The Myth of Jordan’s Imminent Collapse Hides a Grim Reality

Published October 3rd, 2019 - 11:02 GMT
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Jordanian security forces stand near the office of the prime minister (AFP/Khalil MAZRAAWI)

 

Jordan appears to be standing on the precipice of disaster, again.

Thousands of teachers have been striking for over a month, demanding better pay from a government that has been implementing strict austerity measures recommended by the International Monetary Fund (IMF). Only a small fraction of Jordan’s 4,000 public schools are open, but most students are staying home.

The strike is the latest symptom that the government appears unable to negotiate the balance between its mounting debt problem and ensuring its people have livable wages. Even if the teachers' union and the government can come to a compromise, it will not upend the broader governmental effort to decrease public spending in the face of a stalling economy.

A similar type of standoff is inevitable. For years, Jordan’s debt has ballooned while its unemployment has risen, creating an untenable situation many fear will lead to political disorder and even a collapse. 

Thousands of teachers have been striking for over a month, demanding better pay from a government that has been implementing strict austerity measures recommended by the International Monetary Fund (IMF). Only a small fraction of Jordan’s 4,000 public schools are open, but most students are staying home.

Earlier in 2018, thousands of protesters crowded areas near the Prime Minister’s office to demand an end to those same austerity measures. Before that in 2017, thousands more took to the streets against similar IMF-backed price hikes. At that time in Sudan, similar policies were being met with riots that foreshadowed the regime’s ultimate collapse earlier in 2019.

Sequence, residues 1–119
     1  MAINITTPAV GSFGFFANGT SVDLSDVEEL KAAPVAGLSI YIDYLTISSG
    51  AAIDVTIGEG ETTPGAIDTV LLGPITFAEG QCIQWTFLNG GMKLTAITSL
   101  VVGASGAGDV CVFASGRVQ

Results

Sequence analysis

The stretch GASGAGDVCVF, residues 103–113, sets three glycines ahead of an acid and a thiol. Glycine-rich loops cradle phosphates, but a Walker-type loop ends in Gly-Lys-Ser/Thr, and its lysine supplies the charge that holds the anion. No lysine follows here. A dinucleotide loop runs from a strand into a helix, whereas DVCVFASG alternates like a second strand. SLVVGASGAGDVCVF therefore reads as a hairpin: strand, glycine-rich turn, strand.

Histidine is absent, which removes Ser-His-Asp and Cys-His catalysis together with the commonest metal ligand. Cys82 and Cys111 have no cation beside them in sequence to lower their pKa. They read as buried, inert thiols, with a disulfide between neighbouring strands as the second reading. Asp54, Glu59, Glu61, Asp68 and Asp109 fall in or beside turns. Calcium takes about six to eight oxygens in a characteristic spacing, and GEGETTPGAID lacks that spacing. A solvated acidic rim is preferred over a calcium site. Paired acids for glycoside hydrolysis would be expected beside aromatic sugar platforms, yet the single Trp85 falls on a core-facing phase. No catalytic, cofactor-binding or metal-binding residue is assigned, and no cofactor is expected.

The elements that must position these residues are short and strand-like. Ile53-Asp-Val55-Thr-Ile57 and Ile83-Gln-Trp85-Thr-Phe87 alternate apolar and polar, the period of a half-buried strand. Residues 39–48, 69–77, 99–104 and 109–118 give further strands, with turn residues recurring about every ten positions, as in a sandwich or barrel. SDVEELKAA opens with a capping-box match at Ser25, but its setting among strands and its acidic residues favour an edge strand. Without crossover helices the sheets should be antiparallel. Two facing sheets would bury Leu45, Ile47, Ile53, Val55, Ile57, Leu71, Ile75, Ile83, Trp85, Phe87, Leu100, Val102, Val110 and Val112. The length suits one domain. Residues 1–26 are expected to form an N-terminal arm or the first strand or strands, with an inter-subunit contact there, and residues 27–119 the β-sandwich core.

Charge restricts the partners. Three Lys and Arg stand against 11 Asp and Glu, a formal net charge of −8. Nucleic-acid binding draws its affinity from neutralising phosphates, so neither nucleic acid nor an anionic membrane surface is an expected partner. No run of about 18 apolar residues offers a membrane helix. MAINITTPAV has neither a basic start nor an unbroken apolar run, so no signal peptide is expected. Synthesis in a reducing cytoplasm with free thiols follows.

Implicit in the thinking that Jordan will soon erupt in political revolt is a threshold analysts and experts keep in their heads; a level of deprivation people can tolerate. If an economy spirals out of control, the threshold is passed and people take to the streets until their demands are met. If one accurately calculates that threshold, she can predict when a country experiences a revolution.

It’s an algorithm for revolt.

But despite the best efforts of international observers, diplomats and experts across decades, Jordan’s much-discussed threshold has never been crossed and the country remains relatively stable.
 

The international community provides a cacophony of aid to the country to keep it afloat, even as Jordan's own economy remains inhospitable to its people.

The most obvious reason is that the international community is dead set on Jordan avoiding the threshold by providing just enough support and aid to keep the country treading water. Below that on the domestic level, a tight security apparatus has effectively narrowed the avenues towards which outrage can be expressed. 

Perhaps Jordan has already crossed its threshold, but rather than engaging in a dramatic spectacle of revolution, its people are quietly resigning themselves to their situation.